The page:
Early in the morning, as a group of Occupy Wall Street protesters marched uptown from Zuccotti Park, another line of people waited for the release of the iPhone 4S. Some of them had spent the night outside to secure their spot in the line. With a hint of confusion and irony, both groups gazed at one another. One group was rallying against, among many other things: corporate greed, bailouts of large banks, and the state’s reluctance and incompetence in dealing with the depressed economy. The other group was waiting to purchase the newest, the smallest, the fastest, and the best mobile phone. It would be unfair to distinguish the two groups as an opposite community; some of the protesters used their mobile phones and laptops to broadcast the action and some of the shoppers were tweeting about the events around OWS. Regardless of their level of participation and dedication in OWS or iPhone shopping, for a moment they were a “community of those who might tweet about some things in common.” A strange kind of antagonistic public space formed for a few minutes as one group made way for the other – some hostile, some friendly, and mostly simply confused.Around noon, The Public School New York was scheduled to give a talk about its’ future developments at the Mobility Shifts conference at New School University. The Public School New York Committee members, about ten persons and Sean Dockray, who started The Public School project in Los Angeles, rehearsed through the presentation. The event had only five audience members, including Sean’s daughter. It was a great discussion and time to reflect upon the project and collaboration. Following the conference, some of the attendees joined me as I lead the ‘March for/against Architecture’ near Wall Street. After the performance finished, I went on to Times Square, where a large number of people were gathering in conjunction with Occupy Times Square. Police surveillance was unusually dominant and the officers were alarmingly violent. As we gathered toward the Square, it was impossible to reach to the center as it was already occupied by many protesters. There was a mix of teenagers, Occupiers, and curious onlookers, an environment more festive than the other Occupy Wall Street protests. After going in and around the Square, I ran into David Horvitz and his friend Julianne. We decided to walk away from the Square: the police were forming lines and vacating the road, pushing people to the sidewalk. There was much confusion as to where exactly their enforcement begins and where one should be allowed to walk. We saw at least a dozen people get arrested for being on the wrong side of the street. Some of the confused bystanders and apparently non-threatening protesters were locked in the police bus and transported to the station. This sudden unfriendliness was confusing people, and they were booing at the police. As we waited for the bus, there were tourists and others who were criticizing protesters and showing signs of ridicule, especially the ones in large suburban cars who were stuck between the protest and the police. With nowhere to move, they were once again kept inside of their cars, looking at their iPhones.We took a bus down to Washington Square Park. Hundreds of people were waiting to hear Gayatri Spivak make a speech. Her much-anticipated speech begins, the People’s Mic follows each word; the speech goes on longer and people lose interest and attention, flashing the hand signal to move on. I said ‘These people have no patience!’ Hundreds of pizzas were delivered to Washington Square Park without a specific address or destination. These ‘Occu-pies’ were given free to all, helping people to keep occupying. We jumped from one pie to another, sampling everything possible. David made a mission for himself to taste all the pizzas that were delivered that night. As Spivak said, “…logistics are important, and pizzas are important. But the real demand is to win” (Youtube) By 11:45pm the police stated they would arrest anyone who stays overnight behind, and we were asked to leave the park. Some hardcore occupiers insisted in occupying the park. We left in fear of our unstable status in the States. We had coffee at Think Coffee and I ran into an artist who surgically implanted a camera on the back of his head. We exchanged greetings and promised to meet in near future. Julianne later sent me pictures from that night. Later in the evening, I found pictures of myself at the protests that friends posted on Facebook, and I also put some of my own online.October 5, 2011 Foley Square, NYC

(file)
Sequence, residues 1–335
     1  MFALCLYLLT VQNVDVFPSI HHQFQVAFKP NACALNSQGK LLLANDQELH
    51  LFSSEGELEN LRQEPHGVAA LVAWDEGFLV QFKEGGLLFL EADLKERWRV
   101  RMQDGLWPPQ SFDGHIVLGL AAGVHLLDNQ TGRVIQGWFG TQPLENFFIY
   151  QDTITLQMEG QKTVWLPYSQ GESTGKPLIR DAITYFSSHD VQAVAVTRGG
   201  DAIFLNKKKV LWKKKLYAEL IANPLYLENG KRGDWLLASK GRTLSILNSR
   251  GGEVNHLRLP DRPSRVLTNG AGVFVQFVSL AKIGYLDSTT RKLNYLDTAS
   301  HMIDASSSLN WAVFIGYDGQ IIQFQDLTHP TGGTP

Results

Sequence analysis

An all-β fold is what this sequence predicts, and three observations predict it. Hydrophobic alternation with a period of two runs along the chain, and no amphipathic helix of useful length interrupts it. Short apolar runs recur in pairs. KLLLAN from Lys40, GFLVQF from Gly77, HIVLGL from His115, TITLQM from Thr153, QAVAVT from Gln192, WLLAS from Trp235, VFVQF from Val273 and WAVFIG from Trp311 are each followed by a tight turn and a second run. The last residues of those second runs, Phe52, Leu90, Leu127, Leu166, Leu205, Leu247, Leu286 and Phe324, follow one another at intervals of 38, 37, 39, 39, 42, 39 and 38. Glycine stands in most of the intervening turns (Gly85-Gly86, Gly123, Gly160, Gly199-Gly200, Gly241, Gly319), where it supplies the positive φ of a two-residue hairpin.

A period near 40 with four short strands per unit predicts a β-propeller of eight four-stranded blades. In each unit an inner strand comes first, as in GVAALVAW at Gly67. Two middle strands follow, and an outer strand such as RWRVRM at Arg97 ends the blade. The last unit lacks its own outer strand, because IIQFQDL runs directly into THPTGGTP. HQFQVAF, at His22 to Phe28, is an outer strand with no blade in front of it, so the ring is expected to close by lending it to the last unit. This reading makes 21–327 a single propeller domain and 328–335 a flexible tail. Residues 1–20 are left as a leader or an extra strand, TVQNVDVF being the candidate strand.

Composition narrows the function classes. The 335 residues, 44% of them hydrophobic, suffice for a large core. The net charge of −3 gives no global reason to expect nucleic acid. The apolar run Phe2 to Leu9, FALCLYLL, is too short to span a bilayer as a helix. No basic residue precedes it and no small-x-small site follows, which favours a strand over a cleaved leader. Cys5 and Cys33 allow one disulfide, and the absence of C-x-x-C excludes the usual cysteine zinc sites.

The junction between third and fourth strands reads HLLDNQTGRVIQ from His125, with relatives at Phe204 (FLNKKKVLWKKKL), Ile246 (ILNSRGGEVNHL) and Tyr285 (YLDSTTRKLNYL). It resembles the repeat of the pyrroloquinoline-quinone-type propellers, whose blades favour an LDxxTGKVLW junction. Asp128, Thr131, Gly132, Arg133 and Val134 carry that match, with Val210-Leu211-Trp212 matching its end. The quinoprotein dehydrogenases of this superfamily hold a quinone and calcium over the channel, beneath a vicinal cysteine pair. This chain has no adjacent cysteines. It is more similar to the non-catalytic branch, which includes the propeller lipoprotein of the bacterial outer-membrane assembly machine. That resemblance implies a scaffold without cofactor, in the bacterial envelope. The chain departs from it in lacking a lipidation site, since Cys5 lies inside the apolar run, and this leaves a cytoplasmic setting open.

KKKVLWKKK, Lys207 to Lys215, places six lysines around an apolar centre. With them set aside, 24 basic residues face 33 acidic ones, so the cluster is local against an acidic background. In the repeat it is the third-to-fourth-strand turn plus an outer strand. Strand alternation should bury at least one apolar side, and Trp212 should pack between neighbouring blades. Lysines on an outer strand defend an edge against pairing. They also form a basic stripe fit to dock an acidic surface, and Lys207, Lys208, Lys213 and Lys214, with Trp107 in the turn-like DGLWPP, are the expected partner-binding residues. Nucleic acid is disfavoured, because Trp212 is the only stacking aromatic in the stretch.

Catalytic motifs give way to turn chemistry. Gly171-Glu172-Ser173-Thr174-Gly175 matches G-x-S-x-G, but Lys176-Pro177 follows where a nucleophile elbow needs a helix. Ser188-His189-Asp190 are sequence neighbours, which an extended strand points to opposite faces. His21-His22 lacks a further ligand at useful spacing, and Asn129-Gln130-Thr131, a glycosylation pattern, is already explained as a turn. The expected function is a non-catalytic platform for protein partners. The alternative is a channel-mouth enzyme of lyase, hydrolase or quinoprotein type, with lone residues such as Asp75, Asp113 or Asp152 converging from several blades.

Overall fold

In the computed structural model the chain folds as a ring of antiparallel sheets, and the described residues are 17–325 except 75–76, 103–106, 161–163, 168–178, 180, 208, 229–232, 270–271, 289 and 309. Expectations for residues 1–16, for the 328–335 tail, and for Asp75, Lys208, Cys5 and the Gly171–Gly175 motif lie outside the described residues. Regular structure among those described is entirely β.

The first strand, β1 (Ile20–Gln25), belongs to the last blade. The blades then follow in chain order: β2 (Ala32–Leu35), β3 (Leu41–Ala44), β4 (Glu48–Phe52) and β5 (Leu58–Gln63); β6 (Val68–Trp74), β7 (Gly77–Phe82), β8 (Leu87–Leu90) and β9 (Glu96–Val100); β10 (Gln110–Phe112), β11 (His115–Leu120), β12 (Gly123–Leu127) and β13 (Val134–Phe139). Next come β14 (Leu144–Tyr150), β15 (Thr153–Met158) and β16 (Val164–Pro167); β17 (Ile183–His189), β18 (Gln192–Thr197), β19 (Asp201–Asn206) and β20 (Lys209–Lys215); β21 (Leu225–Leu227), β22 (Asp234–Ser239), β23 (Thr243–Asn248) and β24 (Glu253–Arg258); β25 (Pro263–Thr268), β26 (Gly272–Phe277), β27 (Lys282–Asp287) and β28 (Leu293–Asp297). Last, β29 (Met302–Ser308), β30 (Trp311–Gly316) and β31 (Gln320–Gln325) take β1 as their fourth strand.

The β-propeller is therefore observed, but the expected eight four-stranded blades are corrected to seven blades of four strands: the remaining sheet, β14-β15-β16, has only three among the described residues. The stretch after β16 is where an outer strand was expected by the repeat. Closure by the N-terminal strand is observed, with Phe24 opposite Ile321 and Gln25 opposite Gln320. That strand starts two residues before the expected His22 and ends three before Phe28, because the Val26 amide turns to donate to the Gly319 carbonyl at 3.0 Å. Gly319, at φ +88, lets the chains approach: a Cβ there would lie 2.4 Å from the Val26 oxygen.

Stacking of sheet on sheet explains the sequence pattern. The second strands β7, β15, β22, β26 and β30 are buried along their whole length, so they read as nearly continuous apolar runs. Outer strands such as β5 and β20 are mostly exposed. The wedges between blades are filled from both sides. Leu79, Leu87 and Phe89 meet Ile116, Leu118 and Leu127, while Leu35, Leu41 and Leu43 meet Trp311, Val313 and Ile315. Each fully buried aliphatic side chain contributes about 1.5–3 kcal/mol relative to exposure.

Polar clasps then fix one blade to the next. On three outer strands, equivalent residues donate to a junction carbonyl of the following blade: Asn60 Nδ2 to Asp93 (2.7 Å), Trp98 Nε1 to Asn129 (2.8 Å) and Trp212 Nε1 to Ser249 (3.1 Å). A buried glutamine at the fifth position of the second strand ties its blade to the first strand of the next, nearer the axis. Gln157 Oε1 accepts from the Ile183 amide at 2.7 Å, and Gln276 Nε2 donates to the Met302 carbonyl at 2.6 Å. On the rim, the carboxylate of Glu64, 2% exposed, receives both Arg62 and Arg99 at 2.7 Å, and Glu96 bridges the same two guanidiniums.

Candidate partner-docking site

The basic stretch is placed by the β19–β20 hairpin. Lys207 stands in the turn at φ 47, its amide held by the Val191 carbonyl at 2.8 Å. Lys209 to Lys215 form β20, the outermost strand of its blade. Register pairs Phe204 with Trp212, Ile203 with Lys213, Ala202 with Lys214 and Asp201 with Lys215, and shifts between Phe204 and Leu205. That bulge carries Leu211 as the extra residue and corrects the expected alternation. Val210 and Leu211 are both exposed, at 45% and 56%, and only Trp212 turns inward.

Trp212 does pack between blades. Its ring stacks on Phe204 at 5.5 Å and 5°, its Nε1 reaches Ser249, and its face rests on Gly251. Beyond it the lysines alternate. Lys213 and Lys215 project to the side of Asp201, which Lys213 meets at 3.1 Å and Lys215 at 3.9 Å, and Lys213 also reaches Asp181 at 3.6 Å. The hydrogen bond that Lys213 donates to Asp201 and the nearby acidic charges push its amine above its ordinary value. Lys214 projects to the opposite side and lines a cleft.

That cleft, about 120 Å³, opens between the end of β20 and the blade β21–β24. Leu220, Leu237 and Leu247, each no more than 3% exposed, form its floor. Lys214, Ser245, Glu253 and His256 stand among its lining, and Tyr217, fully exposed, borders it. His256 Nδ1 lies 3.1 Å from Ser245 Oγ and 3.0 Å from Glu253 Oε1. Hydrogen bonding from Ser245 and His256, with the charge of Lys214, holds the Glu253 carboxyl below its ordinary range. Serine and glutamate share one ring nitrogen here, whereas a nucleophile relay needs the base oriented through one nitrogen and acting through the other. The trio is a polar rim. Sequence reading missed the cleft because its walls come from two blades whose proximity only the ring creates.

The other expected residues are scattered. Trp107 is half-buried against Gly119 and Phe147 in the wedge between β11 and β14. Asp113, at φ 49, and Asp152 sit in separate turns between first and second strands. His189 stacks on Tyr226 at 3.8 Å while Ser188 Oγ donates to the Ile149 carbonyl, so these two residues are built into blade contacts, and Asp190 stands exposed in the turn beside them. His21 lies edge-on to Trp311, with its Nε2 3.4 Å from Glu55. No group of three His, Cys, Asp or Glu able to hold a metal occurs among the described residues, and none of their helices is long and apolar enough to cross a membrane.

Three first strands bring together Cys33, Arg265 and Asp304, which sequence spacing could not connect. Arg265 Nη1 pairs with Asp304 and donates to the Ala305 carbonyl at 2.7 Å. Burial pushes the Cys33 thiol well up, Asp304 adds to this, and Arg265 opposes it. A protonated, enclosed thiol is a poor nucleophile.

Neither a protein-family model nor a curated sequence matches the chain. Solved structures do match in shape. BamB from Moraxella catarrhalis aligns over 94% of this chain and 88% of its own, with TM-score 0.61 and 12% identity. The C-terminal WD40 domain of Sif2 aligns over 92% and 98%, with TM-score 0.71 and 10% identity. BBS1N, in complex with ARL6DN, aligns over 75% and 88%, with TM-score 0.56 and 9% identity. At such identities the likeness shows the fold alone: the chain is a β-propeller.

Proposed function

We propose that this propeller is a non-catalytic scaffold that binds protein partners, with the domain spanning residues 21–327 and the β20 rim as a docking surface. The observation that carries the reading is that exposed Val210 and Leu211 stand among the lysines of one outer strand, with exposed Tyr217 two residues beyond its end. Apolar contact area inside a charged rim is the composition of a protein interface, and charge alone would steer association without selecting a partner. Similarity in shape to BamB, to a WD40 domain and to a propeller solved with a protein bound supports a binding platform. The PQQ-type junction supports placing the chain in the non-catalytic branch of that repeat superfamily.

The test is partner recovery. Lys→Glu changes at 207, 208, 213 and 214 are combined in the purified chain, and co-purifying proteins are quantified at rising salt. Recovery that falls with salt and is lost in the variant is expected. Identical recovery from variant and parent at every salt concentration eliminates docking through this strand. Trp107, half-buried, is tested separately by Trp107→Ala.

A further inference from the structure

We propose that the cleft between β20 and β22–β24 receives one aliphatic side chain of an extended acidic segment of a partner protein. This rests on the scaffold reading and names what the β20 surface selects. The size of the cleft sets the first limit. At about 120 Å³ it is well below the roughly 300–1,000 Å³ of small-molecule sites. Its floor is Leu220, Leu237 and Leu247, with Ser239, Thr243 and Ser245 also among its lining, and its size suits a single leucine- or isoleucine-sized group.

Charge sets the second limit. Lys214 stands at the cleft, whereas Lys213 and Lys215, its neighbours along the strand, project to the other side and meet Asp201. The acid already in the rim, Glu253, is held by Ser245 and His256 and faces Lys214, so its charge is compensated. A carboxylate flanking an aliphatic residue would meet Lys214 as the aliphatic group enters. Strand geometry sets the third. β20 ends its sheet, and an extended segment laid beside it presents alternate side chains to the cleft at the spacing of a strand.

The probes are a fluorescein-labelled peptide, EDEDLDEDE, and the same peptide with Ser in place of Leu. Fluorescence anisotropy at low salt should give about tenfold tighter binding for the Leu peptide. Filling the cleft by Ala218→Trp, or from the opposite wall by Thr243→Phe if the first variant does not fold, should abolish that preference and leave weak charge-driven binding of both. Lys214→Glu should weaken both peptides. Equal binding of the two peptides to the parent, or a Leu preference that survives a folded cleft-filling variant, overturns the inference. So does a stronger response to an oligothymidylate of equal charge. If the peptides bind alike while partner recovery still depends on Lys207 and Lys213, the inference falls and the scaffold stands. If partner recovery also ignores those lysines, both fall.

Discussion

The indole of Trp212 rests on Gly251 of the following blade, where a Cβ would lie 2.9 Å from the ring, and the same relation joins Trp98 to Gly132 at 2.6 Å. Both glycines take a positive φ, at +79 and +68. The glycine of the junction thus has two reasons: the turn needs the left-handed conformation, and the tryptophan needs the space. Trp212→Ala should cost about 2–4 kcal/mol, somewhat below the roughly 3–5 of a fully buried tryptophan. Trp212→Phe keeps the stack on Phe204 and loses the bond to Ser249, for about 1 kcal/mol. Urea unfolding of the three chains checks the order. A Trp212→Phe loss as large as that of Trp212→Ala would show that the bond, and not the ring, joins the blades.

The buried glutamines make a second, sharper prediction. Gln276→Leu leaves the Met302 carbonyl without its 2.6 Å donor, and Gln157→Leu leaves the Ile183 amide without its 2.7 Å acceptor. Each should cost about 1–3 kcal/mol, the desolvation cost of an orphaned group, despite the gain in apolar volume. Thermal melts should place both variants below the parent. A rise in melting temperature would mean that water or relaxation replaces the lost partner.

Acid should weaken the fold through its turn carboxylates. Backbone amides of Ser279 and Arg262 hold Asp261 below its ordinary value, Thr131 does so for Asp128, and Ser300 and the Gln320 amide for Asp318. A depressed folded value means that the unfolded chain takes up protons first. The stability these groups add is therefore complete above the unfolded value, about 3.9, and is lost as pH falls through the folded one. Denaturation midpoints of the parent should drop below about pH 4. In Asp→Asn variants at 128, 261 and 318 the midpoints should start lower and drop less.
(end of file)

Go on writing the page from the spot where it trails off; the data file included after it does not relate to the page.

I joined the march of artists and writers that Sarah Resnick and friends organized. We were given beautiful screen printed posters that says ‘Money Talks Too Much’. Foley Square was full of energy and excitement as the union workers of public schools and city college joined in. It was a moment that the more organized labor unions vocalized their support for Occupy Wall Street. I ran into David Horvitz at the north entrance of Foley Square. David came with a large sketch pad; he had just left a drawing class. I had an apple from a farmer who was giving them away. We marched toward the center of Foley Square and made our way to the fountain. After glorious moments of shooting photos, we marched toward Wall Street. It was very crowded and it was unclear as to who was allowed on Wall Street: barricades surrounded the square. I got tired rather quickly and went to meet two friends in their Chinatown office, but David and others went onward with the march. At a street cafe on the Franklin Street, I tried to explain Occupy Wall Street to two of my graphic designer friends who had not been to it and did not take it seriously. One of them, a recently naturalized citizen, seemed unconvinced by the idea of protesting against Capitalism in the United States, and commented that while it is fucked up, it must be better than other countries. While we decided where to go for dinner, David texted me that he had gotten into Wall Street, and my friend got a twitter alert informing them of Steve Jobs’ death. They freaked out, shocked by their hero’s sudden death. I was surprised at the contrast between attachment to a figure like Jobs and disconnect to the social movement happening only a few blocks away. Later that evening, I found pictures from the day on Facebook. David sent a zipped folder of photographs from the day; one is of me holding a hand drawn poster that reads ‘Capital doesn’t love me back’.October 23, 2001 Cupertino, CA